Education and Human Sciences, College of (CEHS)


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A DISSERTATION Presented to the Faculty of The Graduate College at the University of Nebraska In Partial Fulfillment of Requirements For the Degree of Doctor of Philosophy, Major: Psychological Studies in Education, Under the Supervision of Professor Roger H. Bruning. Lincoln, Nebraska: August, 2011

Copyright 2011 Minjung Song


This study was designed to examine the effects of different geographical background contexts for information on comprehension, recall, and cognitive load. Two different contexts, American geographical background and Korean geographical background, were employed to frame explanations of global warming phenomena. Students’ comprehension was calibrated by two different levels of measurement, which were fact-level learning (shallow understanding) and inference-making (deep understanding). Cognitive load was gauged by self-reported levels of motivation, difficulty, and mental effort. It was hypothesized that an American context would be more familiar and Korean context less familiar for American students. It was also hypothesized that unfamiliar contexts would create disadvantages in comprehension, recall, and cognitive load, but that signaling would improve comprehension and recall and reduce cognitive load, especially in unfamiliar contexts.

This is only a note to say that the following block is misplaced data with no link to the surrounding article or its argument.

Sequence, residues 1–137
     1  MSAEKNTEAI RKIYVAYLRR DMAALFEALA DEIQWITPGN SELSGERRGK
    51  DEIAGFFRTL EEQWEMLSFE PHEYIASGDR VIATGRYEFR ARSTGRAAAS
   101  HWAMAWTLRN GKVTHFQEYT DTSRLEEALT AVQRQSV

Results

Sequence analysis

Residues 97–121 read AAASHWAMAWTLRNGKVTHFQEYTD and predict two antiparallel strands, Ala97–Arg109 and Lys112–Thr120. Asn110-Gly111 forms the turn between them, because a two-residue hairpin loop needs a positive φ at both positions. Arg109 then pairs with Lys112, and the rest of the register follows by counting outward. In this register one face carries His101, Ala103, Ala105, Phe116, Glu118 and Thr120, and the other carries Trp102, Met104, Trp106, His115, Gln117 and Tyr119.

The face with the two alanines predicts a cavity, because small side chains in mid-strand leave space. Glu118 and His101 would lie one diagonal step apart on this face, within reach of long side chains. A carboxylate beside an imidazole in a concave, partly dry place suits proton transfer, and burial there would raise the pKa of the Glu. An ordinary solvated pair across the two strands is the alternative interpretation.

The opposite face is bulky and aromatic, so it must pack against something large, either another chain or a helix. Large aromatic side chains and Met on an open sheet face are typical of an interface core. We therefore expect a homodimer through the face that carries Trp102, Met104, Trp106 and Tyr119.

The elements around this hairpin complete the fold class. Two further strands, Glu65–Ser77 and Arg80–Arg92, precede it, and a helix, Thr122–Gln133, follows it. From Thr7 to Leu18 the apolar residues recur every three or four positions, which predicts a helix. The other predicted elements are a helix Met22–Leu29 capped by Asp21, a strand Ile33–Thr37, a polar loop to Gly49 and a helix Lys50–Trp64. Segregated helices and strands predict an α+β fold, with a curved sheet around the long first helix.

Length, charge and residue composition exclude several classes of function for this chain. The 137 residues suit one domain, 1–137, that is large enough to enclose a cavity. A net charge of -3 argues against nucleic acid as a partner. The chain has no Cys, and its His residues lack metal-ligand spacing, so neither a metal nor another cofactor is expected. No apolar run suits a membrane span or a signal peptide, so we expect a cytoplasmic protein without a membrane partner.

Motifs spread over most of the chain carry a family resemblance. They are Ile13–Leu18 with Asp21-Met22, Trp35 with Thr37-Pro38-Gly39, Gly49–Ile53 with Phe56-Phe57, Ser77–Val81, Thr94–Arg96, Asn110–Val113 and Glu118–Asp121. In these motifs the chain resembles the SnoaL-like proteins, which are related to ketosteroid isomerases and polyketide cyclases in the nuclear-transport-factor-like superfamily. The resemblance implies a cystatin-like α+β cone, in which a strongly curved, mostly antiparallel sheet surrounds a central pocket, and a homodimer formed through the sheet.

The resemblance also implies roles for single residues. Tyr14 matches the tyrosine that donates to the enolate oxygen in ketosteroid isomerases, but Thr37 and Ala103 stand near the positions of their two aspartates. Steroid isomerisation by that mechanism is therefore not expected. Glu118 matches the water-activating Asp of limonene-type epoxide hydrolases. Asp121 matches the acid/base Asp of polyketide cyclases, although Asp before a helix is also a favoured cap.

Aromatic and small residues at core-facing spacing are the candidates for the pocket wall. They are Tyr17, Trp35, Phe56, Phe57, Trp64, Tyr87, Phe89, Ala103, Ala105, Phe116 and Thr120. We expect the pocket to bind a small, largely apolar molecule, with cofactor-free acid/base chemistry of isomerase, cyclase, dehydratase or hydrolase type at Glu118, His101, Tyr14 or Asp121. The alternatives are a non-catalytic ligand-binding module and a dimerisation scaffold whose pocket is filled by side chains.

Students from two educational psychology courses were randomly assigned to one of four groups in which they read one of the four different types of passages online: an American signaled passage, an American nonsignaled passage, a Korean signaled passage, and a Korean nonsignaled passage. Participants took comprehension and recall tests and reported their perceived levels of motivation, difficulty, and mental effort in the same online environment. Results were analyzed by MANCOVA (multivariate analysis of covariance). The analyses revealed that (1) students were significantly more confident in their American geographical prior knowledge, which was interpreted as an indicator that an American context for information was more familiar to them; (2) context familiarity had positive effects on students’ levels of inference-making, their self-reported levels of motivation, and perceived levels of difficulty; and (3) signaling had a negative effect on inference-making. An expertise reversal effect was noted for participants’ deep understanding. The findings of the current study imply that learning materials that are framed within an unfamiliar context can create disadvantages for students’ motivation and deep comprehension. Future research is needed to find ways for compensating for those disadvantages.

Advisor: Roger Bruning